This article originally appeared in Government Technology magazine.
Appealing to the nuances of the human mind has been a feature of effective governance for as long as governance has existed, appearing prominently in the prescriptions of every great political theorist from Plato to Machiavelli. The most recent and informed iteration of this practice is nudging: leveraging insights about how humans think from behavioral science to create initiatives that encourage desirable behaviors.
Public officials nudge in many ways. Some seek to modify people’s behavior by changing the environments in which they make decisions, for instance moving vegetables to the front of a grocery store to promote healthy eating. Others try to make desirable behaviors easier, like streamlining a city website to make it simpler to sign up for a service. Still others use prompts like email reminders of a deadline to receive a free checkup to nudge people to act wisely by providing useful information.
Thus far, examples of the third type of nudging — direct messaging that prompts behavior — have been decidedly low tech. Typical initiatives have included sending behaviorally informed letters to residents who have not complied with a city code or mailing out postcard reminders to renew license plates. Governments have been attracted to these initiatives for their low cost and proven effectiveness.
While these low-tech nudges should certainly continue, cities’ recent adoption of tools that can mine and analyze data instantaneously has the potential to greatly increase the scope and effectiveness of message-driven nudging.
For one, using Internet of Things (IoT) ecosystems, cities can provide residents with real-time information so that they may make better-informed decisions. For example, cities could connect traffic sensors to messaging systems and send subscribers text messages at times of high congestion, encouraging them to take public transportation. This real-time information, paired with other nudges, could increase transit use, easing traffic and bettering the environment.
Using Internet of Things (IoT) ecosystems, cities can provide residents with real-time information so that they may make better-informed decisions.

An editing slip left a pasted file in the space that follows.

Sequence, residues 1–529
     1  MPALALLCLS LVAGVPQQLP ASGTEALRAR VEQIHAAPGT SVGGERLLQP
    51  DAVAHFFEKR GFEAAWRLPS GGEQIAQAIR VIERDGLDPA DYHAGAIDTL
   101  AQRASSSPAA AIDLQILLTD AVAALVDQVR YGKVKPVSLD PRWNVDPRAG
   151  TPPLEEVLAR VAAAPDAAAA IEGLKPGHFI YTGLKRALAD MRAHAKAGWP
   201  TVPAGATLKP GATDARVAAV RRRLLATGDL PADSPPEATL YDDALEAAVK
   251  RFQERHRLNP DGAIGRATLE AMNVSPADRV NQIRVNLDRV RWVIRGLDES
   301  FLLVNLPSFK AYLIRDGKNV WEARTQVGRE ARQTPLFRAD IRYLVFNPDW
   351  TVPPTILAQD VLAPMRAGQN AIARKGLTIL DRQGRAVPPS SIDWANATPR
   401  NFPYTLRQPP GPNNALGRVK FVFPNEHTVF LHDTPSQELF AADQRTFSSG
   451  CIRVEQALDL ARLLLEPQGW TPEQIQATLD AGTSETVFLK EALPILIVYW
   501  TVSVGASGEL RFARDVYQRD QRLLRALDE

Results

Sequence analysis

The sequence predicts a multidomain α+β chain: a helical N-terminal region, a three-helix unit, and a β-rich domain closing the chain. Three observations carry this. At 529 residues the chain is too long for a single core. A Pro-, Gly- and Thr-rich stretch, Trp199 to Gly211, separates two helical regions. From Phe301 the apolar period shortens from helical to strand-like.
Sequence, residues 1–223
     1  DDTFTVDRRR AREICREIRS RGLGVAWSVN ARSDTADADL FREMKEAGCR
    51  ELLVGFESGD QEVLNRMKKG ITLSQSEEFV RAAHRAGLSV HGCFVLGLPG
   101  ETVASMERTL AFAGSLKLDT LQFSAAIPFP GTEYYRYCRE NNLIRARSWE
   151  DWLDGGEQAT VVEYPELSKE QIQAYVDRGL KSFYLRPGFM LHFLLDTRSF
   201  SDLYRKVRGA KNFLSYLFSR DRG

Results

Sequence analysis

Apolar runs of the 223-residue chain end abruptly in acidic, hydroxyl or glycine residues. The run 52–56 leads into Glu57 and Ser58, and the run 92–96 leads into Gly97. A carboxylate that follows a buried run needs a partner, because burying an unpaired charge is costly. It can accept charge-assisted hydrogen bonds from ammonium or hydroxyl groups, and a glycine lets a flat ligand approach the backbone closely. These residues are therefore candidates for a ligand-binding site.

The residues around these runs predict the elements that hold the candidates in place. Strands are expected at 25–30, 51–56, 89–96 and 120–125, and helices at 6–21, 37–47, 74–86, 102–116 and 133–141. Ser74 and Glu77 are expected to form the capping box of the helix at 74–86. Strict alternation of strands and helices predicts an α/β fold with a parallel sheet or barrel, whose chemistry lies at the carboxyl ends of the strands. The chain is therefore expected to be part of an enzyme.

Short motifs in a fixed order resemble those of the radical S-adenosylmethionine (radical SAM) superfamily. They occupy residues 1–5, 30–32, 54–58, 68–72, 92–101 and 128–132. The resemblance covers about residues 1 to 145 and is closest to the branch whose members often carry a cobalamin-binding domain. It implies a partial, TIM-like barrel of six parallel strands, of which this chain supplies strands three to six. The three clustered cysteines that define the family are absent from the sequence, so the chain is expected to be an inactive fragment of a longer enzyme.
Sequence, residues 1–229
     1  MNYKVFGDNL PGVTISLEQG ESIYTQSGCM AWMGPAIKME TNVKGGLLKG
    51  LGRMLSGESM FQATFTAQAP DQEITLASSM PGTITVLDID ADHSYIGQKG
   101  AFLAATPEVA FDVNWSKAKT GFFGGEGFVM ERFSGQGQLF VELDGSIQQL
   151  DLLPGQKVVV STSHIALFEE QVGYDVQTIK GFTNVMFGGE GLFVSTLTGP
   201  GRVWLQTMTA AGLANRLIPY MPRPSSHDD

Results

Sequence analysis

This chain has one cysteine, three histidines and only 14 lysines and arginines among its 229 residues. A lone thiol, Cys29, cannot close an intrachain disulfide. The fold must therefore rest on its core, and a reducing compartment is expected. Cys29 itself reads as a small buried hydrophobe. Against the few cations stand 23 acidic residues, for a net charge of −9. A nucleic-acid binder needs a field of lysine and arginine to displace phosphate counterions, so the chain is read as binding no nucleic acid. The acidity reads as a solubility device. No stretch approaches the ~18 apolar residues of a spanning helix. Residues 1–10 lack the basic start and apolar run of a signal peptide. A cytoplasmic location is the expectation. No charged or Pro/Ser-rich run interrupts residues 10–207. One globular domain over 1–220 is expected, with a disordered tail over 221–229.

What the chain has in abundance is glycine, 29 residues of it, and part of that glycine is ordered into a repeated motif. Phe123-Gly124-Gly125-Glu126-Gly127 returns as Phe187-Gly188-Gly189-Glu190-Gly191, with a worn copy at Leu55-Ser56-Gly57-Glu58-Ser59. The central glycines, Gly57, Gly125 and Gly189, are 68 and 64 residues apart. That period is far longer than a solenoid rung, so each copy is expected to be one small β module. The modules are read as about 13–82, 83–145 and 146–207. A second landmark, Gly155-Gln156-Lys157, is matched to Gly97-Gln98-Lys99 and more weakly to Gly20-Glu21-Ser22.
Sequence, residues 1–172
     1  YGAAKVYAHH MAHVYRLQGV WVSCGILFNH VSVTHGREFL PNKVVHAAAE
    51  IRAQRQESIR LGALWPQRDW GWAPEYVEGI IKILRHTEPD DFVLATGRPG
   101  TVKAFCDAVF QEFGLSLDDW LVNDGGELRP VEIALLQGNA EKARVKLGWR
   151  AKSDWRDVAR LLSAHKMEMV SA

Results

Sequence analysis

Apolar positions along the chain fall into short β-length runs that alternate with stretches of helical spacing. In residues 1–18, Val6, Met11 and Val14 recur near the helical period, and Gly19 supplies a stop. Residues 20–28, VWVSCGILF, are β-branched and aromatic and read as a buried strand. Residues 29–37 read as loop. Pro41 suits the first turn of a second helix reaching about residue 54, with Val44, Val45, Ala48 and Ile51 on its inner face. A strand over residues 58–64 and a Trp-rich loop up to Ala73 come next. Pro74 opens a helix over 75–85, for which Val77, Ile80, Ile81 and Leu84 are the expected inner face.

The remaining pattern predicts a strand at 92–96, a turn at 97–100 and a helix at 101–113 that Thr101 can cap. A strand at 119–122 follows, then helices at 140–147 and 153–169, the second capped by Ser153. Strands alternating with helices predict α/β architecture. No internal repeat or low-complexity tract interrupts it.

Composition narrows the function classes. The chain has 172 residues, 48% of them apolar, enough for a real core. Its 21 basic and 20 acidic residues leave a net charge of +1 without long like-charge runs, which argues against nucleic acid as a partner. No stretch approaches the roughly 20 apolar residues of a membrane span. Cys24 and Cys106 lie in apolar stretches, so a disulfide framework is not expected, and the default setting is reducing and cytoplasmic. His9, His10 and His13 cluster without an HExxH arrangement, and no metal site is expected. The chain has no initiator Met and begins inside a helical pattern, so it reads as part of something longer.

Delivering data from IoT sensors may also help appeal to people’s tendency to value immediate payoffs at the expense of more important long-term value. Providing real-time data may encourage residents to take immediate action to combat problems that often seem distant or abstract like air pollution. Distributing data from air-quality sensors via public monitors or messaging systems may inspire people to take action at times when air quality is poor by showing them that the problem is immediate. If residents see that the air they are presently breathing is unhealthy, the need for environmental protection becomes more salient; citizens understand that the problem is no longer in the abstract future, but rather poses a present danger to themselves and their families.
Instantaneous data-mining tools may also prove useful for nudging citizens in real time, at the moments they are most likely to partake in detrimental behavior. Tools like machine learning can analyze users’ behavior and determine if they are likely to make a suboptimal choice, like leaving the website for a city service without enrolling. Using clickstream data, the site could determine if a user is likely to leave and deliver a nudge, for example sending a message explaining that most residents enroll in the service. This strategy provides another layer of nudging, catching residents who may have been influenced by an initial nudge — like a reminder to sign up for a service or streamlined website — but may need an extra prod to follow through.
All of these approaches may not only raise important public policy issues, but also create opportunities for change. However, integrating these technologies into nudges comes with one significant barrier: cost. Deploying IoT and machine-learning capabilities is more expensive than traditional nudges, but many cities can repurpose systems that are already in place. Moreover, incorporating these tools can produce tremendous value, ameliorating infrastructural, environmental and compliance problems that cost local governments millions. In many cases, cities may find that the value of pairing data science tools with behavioral science far outweighs the cost.
Chris Bousquet, a research assistant/writer at the Ash Center for Democratic Governance and Innovation at the Harvard Kennedy School, contributed to this column.